Chapter

VII Further Observations

Author(s):
International Monetary Fund
Published Date:
July 1984
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The foregoing analysis has revealed relatively little in the way of directly measureable adverse effects of exchange rate variability on trade. This might seem surprising in view of the widely accepted proposition that uncertainty is bad for economic activity, and the obvious fact that, for businessmen, exchange rate variability is a source of uncertainty for which they must allow in their business decisions.

Part of the explanation for the lack of positive findings may lie in the inadequacy of the statistical techniques employed. There is always room to refine the empirical measures of exchange rate variability, and the lags with which changes in the economic environment affect behavioral relationships may be too long and variable to be easily captured by standard analytical techniques. Nevertheless, given the wide variety of empirical testing that has been performed, it seems unlikely that, as far as data up until the early 1980s are concerned, more intensive or sophisticated tests would show a greatly different result.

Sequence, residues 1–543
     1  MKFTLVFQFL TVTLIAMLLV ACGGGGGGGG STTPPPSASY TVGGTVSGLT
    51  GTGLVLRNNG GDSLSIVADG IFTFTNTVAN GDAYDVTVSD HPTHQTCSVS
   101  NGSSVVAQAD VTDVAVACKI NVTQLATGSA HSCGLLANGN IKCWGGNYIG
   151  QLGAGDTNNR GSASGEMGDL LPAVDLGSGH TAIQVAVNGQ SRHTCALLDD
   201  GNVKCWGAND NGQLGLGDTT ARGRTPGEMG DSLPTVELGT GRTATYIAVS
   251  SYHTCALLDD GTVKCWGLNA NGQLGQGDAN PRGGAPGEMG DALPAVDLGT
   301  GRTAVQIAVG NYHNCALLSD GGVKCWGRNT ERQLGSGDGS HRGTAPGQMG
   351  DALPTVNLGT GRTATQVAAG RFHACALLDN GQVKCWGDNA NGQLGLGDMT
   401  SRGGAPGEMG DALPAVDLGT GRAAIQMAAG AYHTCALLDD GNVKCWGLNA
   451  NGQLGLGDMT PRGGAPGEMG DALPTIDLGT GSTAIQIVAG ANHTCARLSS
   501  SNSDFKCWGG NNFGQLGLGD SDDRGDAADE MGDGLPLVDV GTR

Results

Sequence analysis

The reason for this probably lies in the difficulty of trying to separate the independent effect of exchange rate variability from the impact of other changes in the economic environment (Williamson, 1983). Moreover, as McCulloch (1983) points out, of the large number of risks involved in commercial activity, exchange rate variability may be a relatively minor one. These other risks arise not only from the microeconomic uncertainties of business activity but also from uncertainties concerning the level and variability of inflation, the amplitude of the trade cycle, the need for balance of payments adjustment, and so on. These factors can have direct and substantial effects on the growth of world trade, and also affect exchange rate relationships. This impact on exchange rate relationships may magnify or offset the direct impact on trade flows, but in any event it will not be related in a simple manner to any straightforward measure of exchange rate variability. In principle, it would be desirable to measure that part of exchange rate variability that was independent of, and in addition to, the uncertainty already present as a result of the volatility of other variables. No satisfactory way of making such a measure has yet been proposed.